Burger Park -- a humble, low-slung burger joint on MLK that can appear abandoned on quiet days -- turns out anywhere from 400 to 500 burgers a day. One needs only to go to Burger Park around dinner time, before it closes at 7:30 p.m., to see the building spring to life.
Cars fill the tiny parking lot, lining up behind each other and often double-parking. Engines are left running if it's extra hot or extra cold outside, to keep the cars climate-controlled while the patrons prepare to wait for their burgers in line. Even though the men at the grill move quickly, there are so many orders in the evening that a 10-to-15-minute wait is inevitable.
While standing in line, people catch up with each other, joke, chat idly. Burger Park is a neighborhood joint, with just as many people walking to it as driving. Almost everyone here knows each other, including the people who own it: Gil Kim and his wife Oak, Korean immigrants who have run Burger Park for 15 years and are only the second owners in its 43-year history.
It's unusual to find such stability and durability in the restaurant industry, especially in Houston. But Burger Park's history in South Park is even more unusual. And that's the topic of this week's cover story.
While South Park has grown from a bucolic, blue-collar suburb to the crime-ridden urban area of the 1980s and 1990s that nearly cannibalized itself, one thing has remained constant: Burger Park. Even the name of the street that Burger Park is on has changed, from South Park Boulevard to Martin Luther King Boulevard in 1977. But Burger Park, selling cheeseburgers and slushes since 1968, has remained the same.
We Believe Local Journalism is Critical to the Life of a City
Engaging with our readers is essential to the mission of the Houston Press. Make a financial contribution or sign up for a newsletter, and help us keep telling Houston’s stories with no paywalls.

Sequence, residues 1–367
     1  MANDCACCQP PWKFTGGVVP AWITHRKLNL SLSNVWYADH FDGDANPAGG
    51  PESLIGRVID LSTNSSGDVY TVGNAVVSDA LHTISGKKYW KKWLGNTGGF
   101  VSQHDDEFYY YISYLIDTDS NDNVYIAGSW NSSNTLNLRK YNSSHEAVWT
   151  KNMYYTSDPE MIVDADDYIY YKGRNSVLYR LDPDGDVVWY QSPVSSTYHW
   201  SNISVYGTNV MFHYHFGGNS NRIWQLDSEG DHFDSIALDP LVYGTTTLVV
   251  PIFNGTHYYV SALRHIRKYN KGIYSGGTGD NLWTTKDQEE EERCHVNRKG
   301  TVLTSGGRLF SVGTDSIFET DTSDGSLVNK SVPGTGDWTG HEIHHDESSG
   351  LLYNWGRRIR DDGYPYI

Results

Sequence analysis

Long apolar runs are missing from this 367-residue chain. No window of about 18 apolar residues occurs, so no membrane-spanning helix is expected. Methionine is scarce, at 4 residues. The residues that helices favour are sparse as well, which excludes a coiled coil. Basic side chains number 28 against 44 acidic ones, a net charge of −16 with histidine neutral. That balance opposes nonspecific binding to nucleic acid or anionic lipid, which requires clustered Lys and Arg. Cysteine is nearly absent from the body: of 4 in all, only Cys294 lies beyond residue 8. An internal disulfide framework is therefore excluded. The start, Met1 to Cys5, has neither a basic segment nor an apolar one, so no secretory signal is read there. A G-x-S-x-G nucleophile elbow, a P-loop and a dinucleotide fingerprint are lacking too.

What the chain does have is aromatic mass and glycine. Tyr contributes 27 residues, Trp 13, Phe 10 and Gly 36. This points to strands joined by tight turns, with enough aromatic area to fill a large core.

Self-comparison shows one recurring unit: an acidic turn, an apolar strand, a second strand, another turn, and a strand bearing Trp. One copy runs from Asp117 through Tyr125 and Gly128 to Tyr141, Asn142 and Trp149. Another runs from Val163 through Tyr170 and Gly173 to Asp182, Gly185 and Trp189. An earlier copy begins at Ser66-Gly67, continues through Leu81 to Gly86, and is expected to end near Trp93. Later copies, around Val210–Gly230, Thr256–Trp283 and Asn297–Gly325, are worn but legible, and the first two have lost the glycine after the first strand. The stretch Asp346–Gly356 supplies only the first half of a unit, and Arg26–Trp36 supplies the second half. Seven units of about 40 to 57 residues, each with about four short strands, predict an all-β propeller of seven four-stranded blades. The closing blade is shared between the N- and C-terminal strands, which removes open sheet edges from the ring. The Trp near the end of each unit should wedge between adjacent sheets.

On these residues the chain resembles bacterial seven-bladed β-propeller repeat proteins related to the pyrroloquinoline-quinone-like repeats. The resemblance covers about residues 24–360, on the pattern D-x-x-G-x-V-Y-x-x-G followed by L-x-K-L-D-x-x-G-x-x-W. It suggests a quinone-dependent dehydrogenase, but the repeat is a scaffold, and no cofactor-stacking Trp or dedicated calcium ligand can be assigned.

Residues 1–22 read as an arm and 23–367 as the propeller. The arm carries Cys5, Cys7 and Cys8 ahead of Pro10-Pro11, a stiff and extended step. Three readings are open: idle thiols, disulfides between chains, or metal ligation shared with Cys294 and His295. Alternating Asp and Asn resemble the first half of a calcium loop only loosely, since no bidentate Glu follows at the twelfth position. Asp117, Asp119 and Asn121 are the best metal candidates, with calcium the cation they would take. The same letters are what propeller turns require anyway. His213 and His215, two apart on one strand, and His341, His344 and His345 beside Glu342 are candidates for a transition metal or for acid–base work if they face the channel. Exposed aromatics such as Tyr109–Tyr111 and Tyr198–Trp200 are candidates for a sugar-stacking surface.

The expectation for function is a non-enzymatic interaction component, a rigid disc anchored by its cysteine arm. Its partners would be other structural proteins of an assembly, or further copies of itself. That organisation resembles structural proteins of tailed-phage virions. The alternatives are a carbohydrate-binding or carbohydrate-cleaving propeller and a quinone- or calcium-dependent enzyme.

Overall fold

Support Our Journalism
The search for a great cheeseburger is what led me to Burger Park in the first place. My love for the thin, cheese-covered patties at Cream Burger is well-documented. I'm more of a thin burger fan; those giant, baby-head-sized burgers with half a pound of meat just aren't for me. I like to be able to wrap my hands around the entire burger with ease and get a bite of each layer of fixings with every mouthful.
I've yet to have a cheeseburger at Burger Park that wasn't filled to bursting with produce that's just as fresh as its never-frozen meat: fat, bright red tomatoes, snappy iceberg lettuce, sinus-clearingly fresh white onions. The bread is soft and chewy, swiped on both sides with mustard and mayonnaise, soaking up the juices from the slender, slightly crispy patty.
But the cheese is what gets me. The way the burger is assembled, the cheese melts almost immediately into the onions and meat, looking like a cross between a hellacious patty melt and the smothered, covered and scattered hashbrowns at a Waffle House. For a Texan who loves a thin patty with plenty of cheese and fixings, it's a very nearly perfect burger.
Washed down with a peach slush as you sit outside on one of the few aluminum tables, it's not a bad way to wind down the evening. And if you get there a little bit past 7:30, don't worry; the Kims usually keep the doors open for anyone who still wants burger number 501 of the day.